This article was originally published at The Social Penguin Blog, one of our partners. It discusses Sprout Social, our social media management software.

Businesses, marketing professionals, and even individuals with personal Twitter accounts often obsess over getting more Twitter followers. They might believe that the number of followers a Twitter account has determines its ultimate value, but that’s only one part of the story. All those followers are of little value if you can’t influence them or meaningfully engage with them.

So yes, your reach is important, but ultimately engagement is the main metric you should track. How often your followers respond or reach out to you — and how often you do to them — determines the success of your social media marketing strategy.

Fortunately, there are tools that help you do this, such as Sprout Social, a web application that lets you manage all of your social media accounts, publish updates to them, and receive reports on how you’re doing.

What Is Engagement?

When people talk about social media engagement, they’re usually talking about how much you interact directly with customers or other contacts through messages, and how much they interact directly with you.

For example, you’re doing a good job engaging on Facebook if you are receiving comments from people who’ve Liked your Page, and you’re responding promptly and helpfully to those comments.

Building relationships with people, answering their questions, and challenging them with great content holds up your end of the engagement bargain. You’ll want to track how effectively and frequently you’re doing all of these things, but you’ll also want to track how and when people are responding to your updates and attempts at engagement.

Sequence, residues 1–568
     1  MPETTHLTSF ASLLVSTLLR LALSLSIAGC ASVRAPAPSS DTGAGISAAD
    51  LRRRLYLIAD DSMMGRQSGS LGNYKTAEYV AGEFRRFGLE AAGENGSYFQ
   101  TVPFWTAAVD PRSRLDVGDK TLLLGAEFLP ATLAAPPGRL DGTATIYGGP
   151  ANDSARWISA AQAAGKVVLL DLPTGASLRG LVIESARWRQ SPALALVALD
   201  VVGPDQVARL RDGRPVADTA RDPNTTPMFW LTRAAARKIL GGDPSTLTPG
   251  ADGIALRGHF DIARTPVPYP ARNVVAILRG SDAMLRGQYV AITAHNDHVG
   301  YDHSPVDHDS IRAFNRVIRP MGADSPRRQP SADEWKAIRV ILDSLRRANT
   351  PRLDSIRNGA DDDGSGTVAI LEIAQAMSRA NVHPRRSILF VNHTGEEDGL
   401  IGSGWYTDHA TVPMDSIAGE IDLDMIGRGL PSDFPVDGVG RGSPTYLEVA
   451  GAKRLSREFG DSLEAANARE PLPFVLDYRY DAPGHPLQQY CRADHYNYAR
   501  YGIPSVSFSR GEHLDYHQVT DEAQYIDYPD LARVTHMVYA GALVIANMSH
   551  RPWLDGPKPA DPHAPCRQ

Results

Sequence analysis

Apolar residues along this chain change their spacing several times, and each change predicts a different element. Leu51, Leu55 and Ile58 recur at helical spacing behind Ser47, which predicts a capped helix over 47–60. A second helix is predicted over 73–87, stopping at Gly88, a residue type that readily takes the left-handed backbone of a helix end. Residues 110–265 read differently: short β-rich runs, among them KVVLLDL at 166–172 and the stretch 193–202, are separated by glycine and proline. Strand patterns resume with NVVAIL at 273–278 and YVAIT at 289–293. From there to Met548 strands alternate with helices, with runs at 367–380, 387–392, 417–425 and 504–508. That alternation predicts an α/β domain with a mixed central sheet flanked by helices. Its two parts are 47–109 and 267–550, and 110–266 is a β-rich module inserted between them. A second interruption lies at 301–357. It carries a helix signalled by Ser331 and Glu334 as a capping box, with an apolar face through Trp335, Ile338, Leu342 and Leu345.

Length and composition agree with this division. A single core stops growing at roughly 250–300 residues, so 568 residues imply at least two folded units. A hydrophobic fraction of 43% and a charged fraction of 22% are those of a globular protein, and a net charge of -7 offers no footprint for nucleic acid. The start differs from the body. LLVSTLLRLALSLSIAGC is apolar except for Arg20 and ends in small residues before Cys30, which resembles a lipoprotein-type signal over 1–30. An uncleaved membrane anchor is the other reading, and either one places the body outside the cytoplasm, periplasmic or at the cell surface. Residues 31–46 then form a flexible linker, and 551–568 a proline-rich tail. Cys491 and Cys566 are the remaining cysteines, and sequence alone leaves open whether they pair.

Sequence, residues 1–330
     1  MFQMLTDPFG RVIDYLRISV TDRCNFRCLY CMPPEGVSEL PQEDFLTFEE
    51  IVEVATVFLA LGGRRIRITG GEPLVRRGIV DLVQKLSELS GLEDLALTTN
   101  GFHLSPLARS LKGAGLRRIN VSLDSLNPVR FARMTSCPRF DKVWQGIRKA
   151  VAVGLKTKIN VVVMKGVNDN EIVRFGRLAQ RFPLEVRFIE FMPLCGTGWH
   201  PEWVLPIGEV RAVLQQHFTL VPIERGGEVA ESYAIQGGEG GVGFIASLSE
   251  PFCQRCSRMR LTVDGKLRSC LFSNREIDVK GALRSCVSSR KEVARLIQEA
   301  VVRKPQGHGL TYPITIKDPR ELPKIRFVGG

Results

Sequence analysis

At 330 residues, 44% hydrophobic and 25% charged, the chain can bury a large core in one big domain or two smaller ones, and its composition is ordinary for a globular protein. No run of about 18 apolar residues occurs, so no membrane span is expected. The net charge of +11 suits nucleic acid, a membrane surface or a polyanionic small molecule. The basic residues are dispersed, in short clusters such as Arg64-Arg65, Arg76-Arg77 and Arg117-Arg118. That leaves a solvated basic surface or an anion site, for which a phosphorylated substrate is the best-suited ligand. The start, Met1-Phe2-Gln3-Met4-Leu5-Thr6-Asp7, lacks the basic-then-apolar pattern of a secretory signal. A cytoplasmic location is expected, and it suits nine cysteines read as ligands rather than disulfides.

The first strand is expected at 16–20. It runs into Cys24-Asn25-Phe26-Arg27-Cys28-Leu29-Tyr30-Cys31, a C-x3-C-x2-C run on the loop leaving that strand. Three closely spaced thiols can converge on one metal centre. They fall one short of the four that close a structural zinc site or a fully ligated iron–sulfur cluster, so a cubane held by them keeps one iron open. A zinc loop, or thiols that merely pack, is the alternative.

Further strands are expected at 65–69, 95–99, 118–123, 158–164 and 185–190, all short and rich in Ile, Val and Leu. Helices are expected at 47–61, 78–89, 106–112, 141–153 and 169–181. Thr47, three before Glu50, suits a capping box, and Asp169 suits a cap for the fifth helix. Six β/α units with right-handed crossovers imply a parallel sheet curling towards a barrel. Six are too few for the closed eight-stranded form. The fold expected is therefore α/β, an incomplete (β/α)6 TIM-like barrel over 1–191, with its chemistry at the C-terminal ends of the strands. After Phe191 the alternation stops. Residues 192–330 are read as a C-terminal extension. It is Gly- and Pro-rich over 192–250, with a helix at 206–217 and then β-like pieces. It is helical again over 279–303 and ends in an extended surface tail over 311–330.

If you can identify what works and what doesn’t, you can improve your methods and get better results.

Using Social Media Management Tools to Track Engagement

Since Twitter doesn’t give you any raw data to track that represents your engagement level, it can be difficult to track your progress and success. Fortunately, there are tools that do that — and much more — for you.

Ours is called Sprout Social, and it’s essentially a social media identity manager and publishing platform. You can use it to log in to your Twitter account or your Facebook page to publish updates, respond to followers, and generate reports that track your engagement and other important metrics and trends.

Though you can use it to publish updates and see updates from people you’re following on Twitter like many other web applications, Sprout Social has a dashboard that shows you two figures — your engagement and your influence. The first is everything we’ve been discussing, while the latter represents the number of people you can influence through the social media channels you’ve connected to the application.

The more detailed reports include more detailed data like what percentage of your posts are promotional and what percentage are conversational (you want a good balance), publication rates, and follower demographics. Facebook reports allow you to see which content is performing well in terms of comments and impressions, and Google Analytics is supported as well.

The Secret: Nothing’s Changed With Social Media

Many of the same principles that customer service representatives and salespeople learn when interacting with customers or clients on the phone or in person also apply to online media — most notably, that it’s all about building and maintaining relationships. Just converse with people on Twitter and Facebook and you’ll have the basics of engagement down.

As with all things, the technology has changed, but people have essentially stayed the same. Build those relationships and track those metrics just like you would any others in the offline world, and you’ll succeed in your attempts to build an audience. More engagement leads to more followers, not the other way around.

[Original publication: The Social Penguin Blog, Image credit: Sreejith K]